The Internet Explorer web browser in Microsoft's upcoming Windows 10 operating system will support the new performance-oriented HTTP/2 protocol, the company said today.
As the world wide web has evolved and moved beyond simple browsing of context, user complaints about slow-loading websites have become common, a problem that HTTP/2 seeks to address with several "on the wire" network improvements.
HTTP/2 aims to reduce perceived lag for end-users when loading websites while at the same time maintaining the methods, status codes and semantics of the existing hyper text transfer protocol version 1.1, which is 15 years old.
Based on Google/s SPDY protocol and developed by the Internet Engineering Task Force's HTTPbis working group, HTTP/2 also aims to reduce network and server loading - the new website data communications protocol is binary and not text-based, as well as fully multiplexed, making it more efficient for browsers to parse.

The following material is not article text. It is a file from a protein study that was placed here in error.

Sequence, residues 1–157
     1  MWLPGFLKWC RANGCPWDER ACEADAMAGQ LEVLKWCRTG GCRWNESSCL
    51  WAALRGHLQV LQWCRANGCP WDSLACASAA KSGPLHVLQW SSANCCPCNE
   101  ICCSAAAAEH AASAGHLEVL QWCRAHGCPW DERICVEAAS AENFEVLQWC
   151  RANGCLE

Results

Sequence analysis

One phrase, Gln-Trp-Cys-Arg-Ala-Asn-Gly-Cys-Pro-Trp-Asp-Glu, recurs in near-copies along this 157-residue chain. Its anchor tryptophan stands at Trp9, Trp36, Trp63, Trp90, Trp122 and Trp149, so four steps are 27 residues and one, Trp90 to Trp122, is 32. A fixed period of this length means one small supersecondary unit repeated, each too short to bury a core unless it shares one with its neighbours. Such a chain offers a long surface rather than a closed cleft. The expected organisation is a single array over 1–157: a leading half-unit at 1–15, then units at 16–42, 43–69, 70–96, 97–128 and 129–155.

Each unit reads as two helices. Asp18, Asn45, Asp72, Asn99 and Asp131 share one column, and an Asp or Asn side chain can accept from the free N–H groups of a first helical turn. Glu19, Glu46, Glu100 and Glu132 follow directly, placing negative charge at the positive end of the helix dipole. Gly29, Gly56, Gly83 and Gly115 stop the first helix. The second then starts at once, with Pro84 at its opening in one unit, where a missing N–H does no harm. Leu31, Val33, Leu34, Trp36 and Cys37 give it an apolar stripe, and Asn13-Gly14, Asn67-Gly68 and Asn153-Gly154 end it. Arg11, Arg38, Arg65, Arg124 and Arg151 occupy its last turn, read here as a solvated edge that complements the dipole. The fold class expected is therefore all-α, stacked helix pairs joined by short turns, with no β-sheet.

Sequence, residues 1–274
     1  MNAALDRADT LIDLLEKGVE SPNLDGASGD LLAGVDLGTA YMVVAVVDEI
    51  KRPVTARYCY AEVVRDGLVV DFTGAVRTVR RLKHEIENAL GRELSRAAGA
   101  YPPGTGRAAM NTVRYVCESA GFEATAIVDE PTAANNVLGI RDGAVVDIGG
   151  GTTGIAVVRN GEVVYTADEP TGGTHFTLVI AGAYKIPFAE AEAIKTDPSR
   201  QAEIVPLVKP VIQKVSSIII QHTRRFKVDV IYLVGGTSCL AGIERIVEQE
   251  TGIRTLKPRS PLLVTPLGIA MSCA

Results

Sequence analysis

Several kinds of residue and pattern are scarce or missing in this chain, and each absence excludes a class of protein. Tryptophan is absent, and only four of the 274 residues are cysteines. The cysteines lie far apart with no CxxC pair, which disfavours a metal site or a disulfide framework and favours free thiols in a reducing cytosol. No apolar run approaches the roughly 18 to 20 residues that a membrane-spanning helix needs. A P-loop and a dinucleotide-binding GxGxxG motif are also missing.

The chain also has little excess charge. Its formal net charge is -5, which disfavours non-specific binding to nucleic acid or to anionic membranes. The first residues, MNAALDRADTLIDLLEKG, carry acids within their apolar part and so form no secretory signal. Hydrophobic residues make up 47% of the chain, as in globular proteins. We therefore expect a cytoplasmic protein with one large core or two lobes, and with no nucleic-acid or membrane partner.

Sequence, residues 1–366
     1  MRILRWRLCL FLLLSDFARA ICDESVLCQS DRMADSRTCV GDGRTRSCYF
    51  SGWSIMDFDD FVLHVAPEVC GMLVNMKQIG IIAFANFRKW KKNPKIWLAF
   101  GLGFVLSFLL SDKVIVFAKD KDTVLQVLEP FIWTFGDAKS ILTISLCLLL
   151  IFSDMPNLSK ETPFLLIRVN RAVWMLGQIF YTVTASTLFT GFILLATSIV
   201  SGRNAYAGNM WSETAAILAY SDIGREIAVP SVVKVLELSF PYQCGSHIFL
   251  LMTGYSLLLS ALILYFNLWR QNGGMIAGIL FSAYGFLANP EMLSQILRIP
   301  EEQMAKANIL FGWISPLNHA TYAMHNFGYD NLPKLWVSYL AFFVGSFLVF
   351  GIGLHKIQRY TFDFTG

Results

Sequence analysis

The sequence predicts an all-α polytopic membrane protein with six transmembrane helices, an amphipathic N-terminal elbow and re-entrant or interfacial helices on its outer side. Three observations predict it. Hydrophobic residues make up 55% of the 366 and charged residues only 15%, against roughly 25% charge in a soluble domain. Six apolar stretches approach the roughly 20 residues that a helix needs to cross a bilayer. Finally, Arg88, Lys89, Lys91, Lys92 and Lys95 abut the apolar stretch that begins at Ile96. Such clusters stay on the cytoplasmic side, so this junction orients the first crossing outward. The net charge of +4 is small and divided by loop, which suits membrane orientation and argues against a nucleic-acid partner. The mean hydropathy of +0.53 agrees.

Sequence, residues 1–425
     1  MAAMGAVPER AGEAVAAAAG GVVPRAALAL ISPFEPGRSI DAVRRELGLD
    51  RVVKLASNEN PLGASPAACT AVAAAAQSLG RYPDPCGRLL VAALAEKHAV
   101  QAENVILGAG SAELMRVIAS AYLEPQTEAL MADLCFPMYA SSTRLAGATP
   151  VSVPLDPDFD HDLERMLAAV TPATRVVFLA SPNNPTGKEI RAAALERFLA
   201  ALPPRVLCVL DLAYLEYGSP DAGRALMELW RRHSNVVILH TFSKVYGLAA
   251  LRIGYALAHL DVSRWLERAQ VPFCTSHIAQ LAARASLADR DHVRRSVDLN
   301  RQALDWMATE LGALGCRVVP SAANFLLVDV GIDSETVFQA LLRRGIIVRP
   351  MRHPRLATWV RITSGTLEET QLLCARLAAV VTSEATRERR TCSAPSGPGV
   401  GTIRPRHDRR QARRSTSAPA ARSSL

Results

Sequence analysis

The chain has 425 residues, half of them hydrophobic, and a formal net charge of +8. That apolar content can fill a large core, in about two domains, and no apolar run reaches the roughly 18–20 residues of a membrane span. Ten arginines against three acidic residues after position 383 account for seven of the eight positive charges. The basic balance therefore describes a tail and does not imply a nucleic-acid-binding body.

Along with header compression, the changes in HTTP/2 are aimed speeding up page loads and preventing requests having to be served in order and becoming blocked.
Currently web browsers open many Transmission Control Protocol data connections. HTTPbis said it can be more than 30 a page as sites use multiple origins for the data served.
This behaviour can create congestion and retransmissions of data, and HTTP/2 aims to pare down the number of connections to just one.
The new protocol is also of interest for developers of web apps.
HTTPbis notes that early feedback for application programming interfaces (APIs) for web-based app also shows performance improvements as HTTP/2 reduces request overheads.